“My brain has too many tabs open” has become an idea that I personally encounter on a daily basis. Whether it's managing and organizing my tasks as an attorney, brainstorming and planning content for you all, putting aside time for meaningful moments with family and friends, or figuring out exactly how to get in my workouts and my meal prep, there are usually about 500 simultaneous thoughts running through my head, which can be overwhelming, exhausting and anxiety provoking. If you’ve ever felt similarly I can promise you that you are not alone, and I can promise you that there are simple things you can do anytime anywhere that can help sort, set aside, and minimize some of the tabs that your brain can’t seem to otherwise close out of.
Recently, I have been prioritizing mindfulness in my daily life. Mindfulness is scientifically proven to alter our brains and how we engage with ourselves, our thoughts, others, and our work. This is because through consistent and repeated mindfulness practice brain activity is re-directed from ancient, reactionary parts of the brain, to the newest rational part of the brain. To nerd out for a second, MRI scans show that after an eight-week course of mindfulness practice, the brain’s “fight or flight” center (also known as the amygdale) appears to shrink (this is the ancient part of the brain associated with fear and emotion and is involved in the initiation of the body’s response to stress). While this part of the brain is shrinking, the part newest part of the brain (the pre-frontal cortex) becomes thicker (this is the part of the brain associated with higher order brain functions such as awareness, concentration, and decision making). Mindfulness therefore allows us to rely more on the higher order functions of our brains, giving us more control over our minds and our lives, by helping us put some space between ourselves and our reactions. Mindfulness is available in every movement, through meditations or mindful moment practices as simple as taking time to pause and breathe.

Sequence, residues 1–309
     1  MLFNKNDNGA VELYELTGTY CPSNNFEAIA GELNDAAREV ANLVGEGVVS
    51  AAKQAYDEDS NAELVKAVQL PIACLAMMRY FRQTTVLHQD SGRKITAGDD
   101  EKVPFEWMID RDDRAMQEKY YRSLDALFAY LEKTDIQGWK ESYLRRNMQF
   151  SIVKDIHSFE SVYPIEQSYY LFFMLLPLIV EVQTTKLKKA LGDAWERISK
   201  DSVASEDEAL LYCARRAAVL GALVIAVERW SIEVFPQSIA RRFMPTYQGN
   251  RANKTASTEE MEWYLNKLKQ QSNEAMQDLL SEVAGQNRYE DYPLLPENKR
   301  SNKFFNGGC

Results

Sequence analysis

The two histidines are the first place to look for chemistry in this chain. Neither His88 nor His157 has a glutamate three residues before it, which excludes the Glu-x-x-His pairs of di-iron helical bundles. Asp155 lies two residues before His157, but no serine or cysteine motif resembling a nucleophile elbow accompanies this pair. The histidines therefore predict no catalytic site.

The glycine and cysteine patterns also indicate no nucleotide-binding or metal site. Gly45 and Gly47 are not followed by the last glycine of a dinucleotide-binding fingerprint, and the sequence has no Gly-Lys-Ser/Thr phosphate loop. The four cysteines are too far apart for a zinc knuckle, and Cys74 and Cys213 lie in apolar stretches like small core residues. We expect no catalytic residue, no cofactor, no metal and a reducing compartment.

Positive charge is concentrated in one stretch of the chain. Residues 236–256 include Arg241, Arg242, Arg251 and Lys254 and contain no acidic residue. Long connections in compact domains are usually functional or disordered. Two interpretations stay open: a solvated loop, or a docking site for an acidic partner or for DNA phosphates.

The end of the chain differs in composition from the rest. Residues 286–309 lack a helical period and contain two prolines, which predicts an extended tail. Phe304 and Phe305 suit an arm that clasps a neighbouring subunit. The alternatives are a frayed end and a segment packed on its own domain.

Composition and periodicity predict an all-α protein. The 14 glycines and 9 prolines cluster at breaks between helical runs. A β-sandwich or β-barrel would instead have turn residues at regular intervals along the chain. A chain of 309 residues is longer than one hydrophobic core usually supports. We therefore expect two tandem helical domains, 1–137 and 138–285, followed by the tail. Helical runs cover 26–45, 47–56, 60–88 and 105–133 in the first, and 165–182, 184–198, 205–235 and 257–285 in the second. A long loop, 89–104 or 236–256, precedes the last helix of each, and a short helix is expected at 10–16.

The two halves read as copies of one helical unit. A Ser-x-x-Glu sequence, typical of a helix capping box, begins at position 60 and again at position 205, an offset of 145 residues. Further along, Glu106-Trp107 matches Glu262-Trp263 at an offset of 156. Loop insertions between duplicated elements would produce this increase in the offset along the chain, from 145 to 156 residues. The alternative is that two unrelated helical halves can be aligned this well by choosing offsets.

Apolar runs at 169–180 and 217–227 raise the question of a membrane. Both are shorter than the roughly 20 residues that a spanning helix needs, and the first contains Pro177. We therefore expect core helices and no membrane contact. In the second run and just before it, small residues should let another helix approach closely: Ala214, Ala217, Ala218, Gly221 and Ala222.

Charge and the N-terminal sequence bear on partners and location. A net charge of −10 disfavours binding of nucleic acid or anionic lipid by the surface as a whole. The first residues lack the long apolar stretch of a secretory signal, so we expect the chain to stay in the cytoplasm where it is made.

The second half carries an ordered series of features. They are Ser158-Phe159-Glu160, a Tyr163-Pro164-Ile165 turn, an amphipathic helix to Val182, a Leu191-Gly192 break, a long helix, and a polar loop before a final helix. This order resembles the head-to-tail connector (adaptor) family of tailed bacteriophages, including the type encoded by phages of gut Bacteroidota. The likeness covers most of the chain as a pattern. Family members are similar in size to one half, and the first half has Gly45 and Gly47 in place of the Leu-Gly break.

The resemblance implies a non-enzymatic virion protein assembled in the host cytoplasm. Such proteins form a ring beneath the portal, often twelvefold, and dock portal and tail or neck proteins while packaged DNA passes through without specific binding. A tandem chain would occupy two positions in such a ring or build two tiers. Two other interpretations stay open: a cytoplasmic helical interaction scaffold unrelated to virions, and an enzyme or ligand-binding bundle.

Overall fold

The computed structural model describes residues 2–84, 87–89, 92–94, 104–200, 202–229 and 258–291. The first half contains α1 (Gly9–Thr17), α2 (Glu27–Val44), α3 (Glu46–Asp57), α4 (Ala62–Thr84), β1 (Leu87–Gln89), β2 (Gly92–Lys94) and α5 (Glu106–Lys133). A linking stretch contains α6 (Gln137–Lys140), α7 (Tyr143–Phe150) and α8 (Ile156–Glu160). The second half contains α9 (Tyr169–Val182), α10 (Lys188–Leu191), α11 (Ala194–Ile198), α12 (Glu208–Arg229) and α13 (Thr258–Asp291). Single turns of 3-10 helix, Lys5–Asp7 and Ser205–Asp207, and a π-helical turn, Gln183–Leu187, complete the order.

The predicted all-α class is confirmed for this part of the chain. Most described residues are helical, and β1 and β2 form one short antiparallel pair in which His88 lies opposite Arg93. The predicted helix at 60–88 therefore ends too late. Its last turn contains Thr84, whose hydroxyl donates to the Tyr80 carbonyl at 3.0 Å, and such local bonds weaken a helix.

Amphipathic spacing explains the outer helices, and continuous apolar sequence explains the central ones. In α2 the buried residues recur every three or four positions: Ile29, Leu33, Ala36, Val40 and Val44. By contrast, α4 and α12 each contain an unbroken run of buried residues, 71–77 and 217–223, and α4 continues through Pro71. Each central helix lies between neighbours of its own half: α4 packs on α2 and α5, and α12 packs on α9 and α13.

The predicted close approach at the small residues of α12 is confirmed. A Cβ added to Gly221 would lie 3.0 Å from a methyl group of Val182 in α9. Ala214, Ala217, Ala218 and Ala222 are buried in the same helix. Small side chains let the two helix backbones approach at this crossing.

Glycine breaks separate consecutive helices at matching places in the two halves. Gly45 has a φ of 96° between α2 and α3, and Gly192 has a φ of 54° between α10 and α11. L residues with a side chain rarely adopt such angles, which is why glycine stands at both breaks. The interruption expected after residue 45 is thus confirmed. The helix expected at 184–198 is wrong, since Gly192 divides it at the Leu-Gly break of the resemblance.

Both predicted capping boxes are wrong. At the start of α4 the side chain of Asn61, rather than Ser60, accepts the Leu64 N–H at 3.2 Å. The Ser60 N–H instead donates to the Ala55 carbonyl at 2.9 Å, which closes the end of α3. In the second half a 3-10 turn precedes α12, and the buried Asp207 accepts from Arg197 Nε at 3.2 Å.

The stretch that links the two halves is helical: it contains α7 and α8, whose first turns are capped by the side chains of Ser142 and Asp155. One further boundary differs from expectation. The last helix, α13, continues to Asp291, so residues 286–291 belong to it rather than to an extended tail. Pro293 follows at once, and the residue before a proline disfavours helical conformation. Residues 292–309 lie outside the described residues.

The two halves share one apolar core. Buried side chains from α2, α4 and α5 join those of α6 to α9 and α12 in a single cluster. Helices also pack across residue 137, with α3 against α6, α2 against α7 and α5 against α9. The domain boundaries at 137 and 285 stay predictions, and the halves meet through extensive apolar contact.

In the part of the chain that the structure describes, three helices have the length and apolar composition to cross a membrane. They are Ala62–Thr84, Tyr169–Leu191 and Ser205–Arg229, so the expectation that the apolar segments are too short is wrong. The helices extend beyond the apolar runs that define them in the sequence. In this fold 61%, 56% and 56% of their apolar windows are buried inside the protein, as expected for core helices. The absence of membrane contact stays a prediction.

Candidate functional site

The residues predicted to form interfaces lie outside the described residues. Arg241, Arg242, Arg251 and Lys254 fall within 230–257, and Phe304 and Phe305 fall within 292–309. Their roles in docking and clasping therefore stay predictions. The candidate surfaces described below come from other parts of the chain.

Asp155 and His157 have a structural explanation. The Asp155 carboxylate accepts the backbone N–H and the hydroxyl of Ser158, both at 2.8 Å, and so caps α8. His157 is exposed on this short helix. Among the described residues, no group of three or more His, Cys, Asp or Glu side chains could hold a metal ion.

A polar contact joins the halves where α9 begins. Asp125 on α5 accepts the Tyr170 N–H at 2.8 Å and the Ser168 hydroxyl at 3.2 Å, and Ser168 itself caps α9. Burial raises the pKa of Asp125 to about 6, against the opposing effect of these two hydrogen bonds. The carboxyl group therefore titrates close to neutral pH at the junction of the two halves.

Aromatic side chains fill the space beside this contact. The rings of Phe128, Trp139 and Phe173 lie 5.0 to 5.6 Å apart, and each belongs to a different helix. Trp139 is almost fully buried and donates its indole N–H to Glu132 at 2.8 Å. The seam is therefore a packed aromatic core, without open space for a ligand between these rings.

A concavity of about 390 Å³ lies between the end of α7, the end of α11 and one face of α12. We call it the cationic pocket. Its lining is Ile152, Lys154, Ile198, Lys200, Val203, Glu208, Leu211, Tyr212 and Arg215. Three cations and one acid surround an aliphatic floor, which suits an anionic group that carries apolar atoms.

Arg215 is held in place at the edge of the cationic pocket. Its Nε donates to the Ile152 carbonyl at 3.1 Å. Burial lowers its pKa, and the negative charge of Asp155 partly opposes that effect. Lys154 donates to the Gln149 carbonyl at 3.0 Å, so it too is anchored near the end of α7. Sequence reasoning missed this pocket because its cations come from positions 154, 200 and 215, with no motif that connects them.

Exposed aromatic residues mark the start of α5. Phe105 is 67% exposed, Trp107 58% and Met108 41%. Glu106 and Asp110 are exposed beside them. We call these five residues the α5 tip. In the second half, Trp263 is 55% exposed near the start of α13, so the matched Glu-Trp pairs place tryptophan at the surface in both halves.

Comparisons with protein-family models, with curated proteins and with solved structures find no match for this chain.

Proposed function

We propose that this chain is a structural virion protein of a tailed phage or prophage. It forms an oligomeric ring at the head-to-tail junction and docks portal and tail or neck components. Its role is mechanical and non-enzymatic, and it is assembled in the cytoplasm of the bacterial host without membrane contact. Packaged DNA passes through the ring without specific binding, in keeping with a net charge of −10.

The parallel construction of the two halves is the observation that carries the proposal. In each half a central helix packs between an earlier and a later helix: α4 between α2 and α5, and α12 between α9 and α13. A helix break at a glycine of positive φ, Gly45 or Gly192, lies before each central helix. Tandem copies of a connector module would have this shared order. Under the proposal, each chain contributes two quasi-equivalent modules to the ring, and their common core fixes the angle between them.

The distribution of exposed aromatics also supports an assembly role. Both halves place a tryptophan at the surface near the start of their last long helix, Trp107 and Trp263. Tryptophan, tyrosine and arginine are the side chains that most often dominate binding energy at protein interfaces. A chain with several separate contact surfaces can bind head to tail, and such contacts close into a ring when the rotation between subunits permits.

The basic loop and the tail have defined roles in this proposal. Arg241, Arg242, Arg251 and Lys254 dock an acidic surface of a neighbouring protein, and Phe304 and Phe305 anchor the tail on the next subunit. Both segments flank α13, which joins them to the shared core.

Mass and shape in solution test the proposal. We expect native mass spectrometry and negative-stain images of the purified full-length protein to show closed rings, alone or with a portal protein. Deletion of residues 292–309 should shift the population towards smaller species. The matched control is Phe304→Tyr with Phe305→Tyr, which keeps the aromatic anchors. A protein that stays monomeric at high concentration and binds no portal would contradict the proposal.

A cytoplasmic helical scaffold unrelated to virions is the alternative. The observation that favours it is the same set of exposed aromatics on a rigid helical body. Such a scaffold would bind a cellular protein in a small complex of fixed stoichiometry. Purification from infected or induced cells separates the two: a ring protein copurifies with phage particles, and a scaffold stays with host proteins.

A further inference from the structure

While I have been experimenting with different forms of mindfulness and meditation on my own for some time now, this week I decided to try MNDFL in NYC to experience their group meditation sessions/mindfulness training. I have to admit, I really loved the experience of being in a space devoted to mindfulness and being a part of a group for guided meditation sessions. Before the session, I walked into a room filled with cushions set up in rows (the same way a yoga class would be set up) facing the leader of the class (I’m not sure if leader or instructor or something else would be the right word here). We were encouraged to get comfortable, using whatever cushions, chairs, or blankets we liked for the session. The leader then gave a brief introduction on the topic for the meditation and we were instructed to close our eyes. Every few minutes, the instructor would say something that would either guide us back if our minds had drifted or something else to consider while we meditated. I have to say, I was shocked at how quickly the time passed and how zen I felt when the 30 minute session was over. I really enjoyed the whole experience and I can’t wait to get back for more.
As much as I loved the group meditation experience at MNDFL, there are obviously times when we need mindfulness on our own schedules, in our own homes, or in our own offices. So I’ve also been doing some research on ways to be more mindful in our daily lives, no matter what centers or resources we may have available. After readings a LOT of research on and in this topic (in my own life at least), here are my top tips for being more mindful in your own lives.
Set aside 5-20 minutes a day for mindfulness training (at any time of day)
You don’t need any special equipment for mindfulness training, just a place where you can sit, observe, and pay attention to the present movement without judgment. If your mind drifts away, just bring it back to the present moment, and be kind to yourself when this happen
Stop multitasking (this is the one I am so guilty of)
And most important, don’t be discouraged if it doesn’t work immediately, you will get there, I promise